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Will the Arts Survive? 


"Reimagining CR" (April 11) is a lighthearted way of describing the hatchet job going down at College of the Redwoods. What is really happening is a hostile takeover of the 112 Community Colleges of California. A unit is now $46, and student fees now pay more than half of the cost of a CCC education. Student debt nationwide is a ball-and-chain of over $1 trillion. "Philanthropic benefactors" offer millions of dollars, as happened at Santa Monica, to transfer the curriculum to online classes. Foundations such as Lumina, Gates and Walmart envision the masses being taught in "MOOCs" (Massive Online Open Classes). Education is at the mercy of the market. 

The Accrediting Commission for Community and Junior Colleges snoops around looking for inefficiencies so they can withdraw accreditation for the CCCs. However, efficiency is not an economic concept, it is an ideologic one.

In his first State of the Union address, George Washington emphasized the role of government in education, since it is, "in every country the surest basis of public happiness" enabling the people to "distinguish between oppression and the necessary exercise of lawful authority." He said nothing about tailoring it to corporate demands.

Music and drama curricula provide a community with what is called social capital. 

Students practice working together cooperatively, strengthening relationships. Studies have shown that populations with social capital are more engaged, better able to defend their own interests and resist oppression. That these programs are being cut at CR does not deserve a meek response. The 34-year veteran teacher whose theatre program is a county institution should not be "thrown under the bus;" it is an outrage which should bring out our pitchforks and broomsticks.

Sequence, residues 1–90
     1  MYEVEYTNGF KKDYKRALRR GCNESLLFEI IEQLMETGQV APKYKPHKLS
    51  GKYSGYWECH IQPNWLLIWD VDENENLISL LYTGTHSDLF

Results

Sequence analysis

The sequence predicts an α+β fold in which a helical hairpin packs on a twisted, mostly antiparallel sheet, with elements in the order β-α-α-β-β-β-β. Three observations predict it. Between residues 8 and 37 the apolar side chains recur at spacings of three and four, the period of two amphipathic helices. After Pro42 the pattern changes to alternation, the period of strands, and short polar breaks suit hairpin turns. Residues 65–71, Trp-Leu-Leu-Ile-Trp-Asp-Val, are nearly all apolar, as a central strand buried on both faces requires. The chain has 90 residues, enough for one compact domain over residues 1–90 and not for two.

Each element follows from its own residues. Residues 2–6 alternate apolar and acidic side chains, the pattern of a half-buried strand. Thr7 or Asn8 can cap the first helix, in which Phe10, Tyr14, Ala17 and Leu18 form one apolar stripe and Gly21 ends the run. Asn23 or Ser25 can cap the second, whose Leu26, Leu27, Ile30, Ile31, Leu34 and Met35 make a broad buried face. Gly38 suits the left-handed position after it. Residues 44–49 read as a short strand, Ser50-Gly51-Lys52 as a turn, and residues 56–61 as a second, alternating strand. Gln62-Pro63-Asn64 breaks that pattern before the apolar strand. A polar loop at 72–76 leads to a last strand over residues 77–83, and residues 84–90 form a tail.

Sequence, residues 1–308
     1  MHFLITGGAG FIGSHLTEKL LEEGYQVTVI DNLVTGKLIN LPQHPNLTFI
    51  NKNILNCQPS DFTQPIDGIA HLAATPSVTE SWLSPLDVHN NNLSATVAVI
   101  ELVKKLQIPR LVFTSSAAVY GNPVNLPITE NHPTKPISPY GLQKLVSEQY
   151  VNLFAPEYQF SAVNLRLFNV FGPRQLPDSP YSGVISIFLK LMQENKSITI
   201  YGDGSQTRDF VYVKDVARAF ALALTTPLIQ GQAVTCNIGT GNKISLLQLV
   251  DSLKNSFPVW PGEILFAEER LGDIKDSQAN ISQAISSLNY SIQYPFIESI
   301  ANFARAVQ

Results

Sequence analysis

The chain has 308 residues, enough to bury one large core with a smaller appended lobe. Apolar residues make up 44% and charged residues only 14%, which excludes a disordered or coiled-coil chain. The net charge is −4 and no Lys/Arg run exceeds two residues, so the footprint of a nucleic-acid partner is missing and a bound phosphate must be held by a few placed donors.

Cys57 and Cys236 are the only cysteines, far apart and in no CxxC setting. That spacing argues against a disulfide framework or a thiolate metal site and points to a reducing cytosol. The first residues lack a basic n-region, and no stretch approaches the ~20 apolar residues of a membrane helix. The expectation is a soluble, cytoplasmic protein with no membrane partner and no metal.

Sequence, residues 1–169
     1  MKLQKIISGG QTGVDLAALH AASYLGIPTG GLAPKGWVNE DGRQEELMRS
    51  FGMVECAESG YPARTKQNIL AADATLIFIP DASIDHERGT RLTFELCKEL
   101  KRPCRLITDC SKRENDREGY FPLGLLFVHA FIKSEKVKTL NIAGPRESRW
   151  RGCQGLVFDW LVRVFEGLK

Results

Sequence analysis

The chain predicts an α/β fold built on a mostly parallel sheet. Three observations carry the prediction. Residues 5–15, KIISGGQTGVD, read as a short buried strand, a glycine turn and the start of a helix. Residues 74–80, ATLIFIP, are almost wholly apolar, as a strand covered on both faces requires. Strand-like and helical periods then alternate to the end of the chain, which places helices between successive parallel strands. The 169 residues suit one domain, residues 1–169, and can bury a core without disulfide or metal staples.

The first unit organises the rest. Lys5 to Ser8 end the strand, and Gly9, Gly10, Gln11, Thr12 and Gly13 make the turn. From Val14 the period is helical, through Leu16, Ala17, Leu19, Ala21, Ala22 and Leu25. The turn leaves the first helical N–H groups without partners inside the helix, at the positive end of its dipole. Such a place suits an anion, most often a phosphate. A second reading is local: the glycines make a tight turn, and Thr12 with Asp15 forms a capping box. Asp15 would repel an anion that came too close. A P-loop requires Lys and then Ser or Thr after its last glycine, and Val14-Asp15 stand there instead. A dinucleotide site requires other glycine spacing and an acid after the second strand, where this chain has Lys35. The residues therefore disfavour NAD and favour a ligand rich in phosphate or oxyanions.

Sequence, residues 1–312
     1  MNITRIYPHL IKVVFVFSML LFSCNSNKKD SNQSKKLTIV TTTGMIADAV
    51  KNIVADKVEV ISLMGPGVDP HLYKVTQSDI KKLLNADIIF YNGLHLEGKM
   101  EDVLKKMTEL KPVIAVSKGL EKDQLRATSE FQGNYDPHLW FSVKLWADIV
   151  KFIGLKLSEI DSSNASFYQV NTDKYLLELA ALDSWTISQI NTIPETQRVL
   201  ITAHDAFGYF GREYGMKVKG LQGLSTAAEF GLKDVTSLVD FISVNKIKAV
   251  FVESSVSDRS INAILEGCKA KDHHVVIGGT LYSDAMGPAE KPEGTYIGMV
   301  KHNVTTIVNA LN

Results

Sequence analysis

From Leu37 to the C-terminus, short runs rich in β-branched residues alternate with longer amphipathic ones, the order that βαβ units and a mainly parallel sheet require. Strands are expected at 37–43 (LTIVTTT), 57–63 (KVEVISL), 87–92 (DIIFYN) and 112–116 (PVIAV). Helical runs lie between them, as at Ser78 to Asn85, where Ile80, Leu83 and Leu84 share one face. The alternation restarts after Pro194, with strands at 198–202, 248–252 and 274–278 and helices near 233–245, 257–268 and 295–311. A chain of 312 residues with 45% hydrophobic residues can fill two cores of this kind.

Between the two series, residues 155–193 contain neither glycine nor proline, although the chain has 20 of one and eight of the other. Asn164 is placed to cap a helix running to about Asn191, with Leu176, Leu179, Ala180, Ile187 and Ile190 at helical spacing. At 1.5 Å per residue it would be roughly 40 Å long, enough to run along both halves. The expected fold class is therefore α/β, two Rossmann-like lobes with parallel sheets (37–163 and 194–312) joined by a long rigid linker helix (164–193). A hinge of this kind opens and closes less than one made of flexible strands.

Of course, if we're looking for where the money went, try the bailout, or the $4 trillion-$6 trillion we spent on destroying Iraq and Afghanistan.

Ellen Taylor, Petrolia



It's nice that CR can sometimes provide a means to for us to indulge our avocations and fulfill our artistic expectations. But it would seem that when funds run low, it is time to reestablish the priorities which emphasize CR's basic mission, that of educating people so that they can participate in our ever more complex economy. Down the road, these same people might even earn enough so that they themselves can afford to take up an instrument and explore their own creative impulses.
It wouldn't seem that the refocusing at CR would diminish our art-rich community which currently overflows with plenty of imaginative people now wandering around outside the box. If they are talented and ambitious enough they might want take their chances in New York, Hollywood or the like where they can become valued successors to those who now dominate the world of imagination and creativity.
Don't think that the changes at CR will affect our supply of valued musicians, actors, writers, etc. But it might just supply us with some economically stable folk who might choose to support those who have chosen the creative life.

GT Buckley, Eureka



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